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Arts & Entertainment

Back to the big screen: A map of San Francisco’s movie theaters

Balboa Theatre is one of the last independent movie theaters in San Francisco in San Francisco, Calif., on Wednesday, July 20, 2011. The two-screen Sunset District theater, which opened in 1926, does decent business, but will be needing expensive upgrades. (Photo By Liz Hafalia/The San Francisco Chronicle via Getty Images)

Watching movies at home is great in so many ways. You can press pause for bathroom breaks or a quick fridge run. And tossing the half-eaten bag of microwaveable Orville Redenbacher doesn’t feel nearly as wasteful as throwing away $10 worth of concession stand popcorn.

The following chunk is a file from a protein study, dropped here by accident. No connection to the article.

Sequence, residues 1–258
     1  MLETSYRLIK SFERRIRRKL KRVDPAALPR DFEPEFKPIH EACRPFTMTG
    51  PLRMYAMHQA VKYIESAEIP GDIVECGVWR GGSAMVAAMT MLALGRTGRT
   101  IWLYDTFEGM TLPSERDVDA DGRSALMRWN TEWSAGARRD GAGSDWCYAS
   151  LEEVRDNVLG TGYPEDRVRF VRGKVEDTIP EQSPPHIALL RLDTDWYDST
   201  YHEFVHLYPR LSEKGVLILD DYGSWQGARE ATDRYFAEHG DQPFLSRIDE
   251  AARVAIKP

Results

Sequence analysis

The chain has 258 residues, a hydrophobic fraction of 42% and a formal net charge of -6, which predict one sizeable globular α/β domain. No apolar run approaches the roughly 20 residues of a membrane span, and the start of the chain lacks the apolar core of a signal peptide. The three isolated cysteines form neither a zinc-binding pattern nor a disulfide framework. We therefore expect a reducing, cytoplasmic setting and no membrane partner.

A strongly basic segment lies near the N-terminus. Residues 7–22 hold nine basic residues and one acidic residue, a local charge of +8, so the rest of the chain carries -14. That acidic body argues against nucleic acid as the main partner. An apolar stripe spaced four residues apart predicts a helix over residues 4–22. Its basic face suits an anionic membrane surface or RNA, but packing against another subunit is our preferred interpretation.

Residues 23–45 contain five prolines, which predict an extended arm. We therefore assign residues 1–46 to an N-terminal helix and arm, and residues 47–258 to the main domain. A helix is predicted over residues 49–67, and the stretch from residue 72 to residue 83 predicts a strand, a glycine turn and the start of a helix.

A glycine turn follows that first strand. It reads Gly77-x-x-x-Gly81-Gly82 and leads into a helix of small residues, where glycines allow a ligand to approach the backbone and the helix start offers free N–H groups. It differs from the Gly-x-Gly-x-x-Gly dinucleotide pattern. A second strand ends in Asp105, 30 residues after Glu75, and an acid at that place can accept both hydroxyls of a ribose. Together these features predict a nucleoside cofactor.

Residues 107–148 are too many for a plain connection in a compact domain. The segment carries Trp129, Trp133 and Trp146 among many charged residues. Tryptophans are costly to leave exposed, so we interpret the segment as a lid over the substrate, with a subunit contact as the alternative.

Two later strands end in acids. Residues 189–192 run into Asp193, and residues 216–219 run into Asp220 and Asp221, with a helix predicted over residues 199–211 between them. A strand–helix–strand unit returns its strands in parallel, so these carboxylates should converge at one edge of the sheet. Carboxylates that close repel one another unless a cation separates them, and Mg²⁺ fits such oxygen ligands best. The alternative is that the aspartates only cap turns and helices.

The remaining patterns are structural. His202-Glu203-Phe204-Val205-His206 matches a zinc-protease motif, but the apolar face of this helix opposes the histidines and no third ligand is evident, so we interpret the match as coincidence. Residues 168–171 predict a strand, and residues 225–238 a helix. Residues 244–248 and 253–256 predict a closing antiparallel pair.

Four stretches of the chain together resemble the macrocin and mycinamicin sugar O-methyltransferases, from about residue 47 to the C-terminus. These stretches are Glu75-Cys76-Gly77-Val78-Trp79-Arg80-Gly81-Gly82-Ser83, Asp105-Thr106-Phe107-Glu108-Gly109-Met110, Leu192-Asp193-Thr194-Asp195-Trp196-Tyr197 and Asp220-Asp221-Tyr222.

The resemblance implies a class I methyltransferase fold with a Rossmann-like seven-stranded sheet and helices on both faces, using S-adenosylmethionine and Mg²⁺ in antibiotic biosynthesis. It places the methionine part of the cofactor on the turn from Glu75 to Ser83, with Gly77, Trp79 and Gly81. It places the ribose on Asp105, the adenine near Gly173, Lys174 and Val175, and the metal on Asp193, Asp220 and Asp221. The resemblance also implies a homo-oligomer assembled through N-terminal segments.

But with the city finally opening back up—or so we hope—more and more San Franciscans are ready to change out of their pajamas, put down the Roku remote, and head out to see a a film the way its director intended: In a room full of strangers, on a massive screen and enveloped in thundering, high-fi surround sound.

Though the industry has been on the rocks for years, SF's movie theaters were hit especially hard by the pandemic. The Clay Theater, West Portal’s CinéArts Empire, and the Embarcadero Cinema all closed in the last few years. And locals say the verdict is still out on whether the Castro Theater’s new management will save or destroy the city’s favorite moviehouse.

The good news? CGV took over the shuttered AMC 1000 on Van Ness, Opera Plaza remodeled, Stonestown opened a new high-tech megaplex, and a renovated 4 Star is set to reopen this summer. 

Check out The Standard’s map of all the cinemas currently in operation citywide. So whether you’re catching up on Oscar noms or aiming for a foreign classic, you’ll find a theater with a film you’ll love.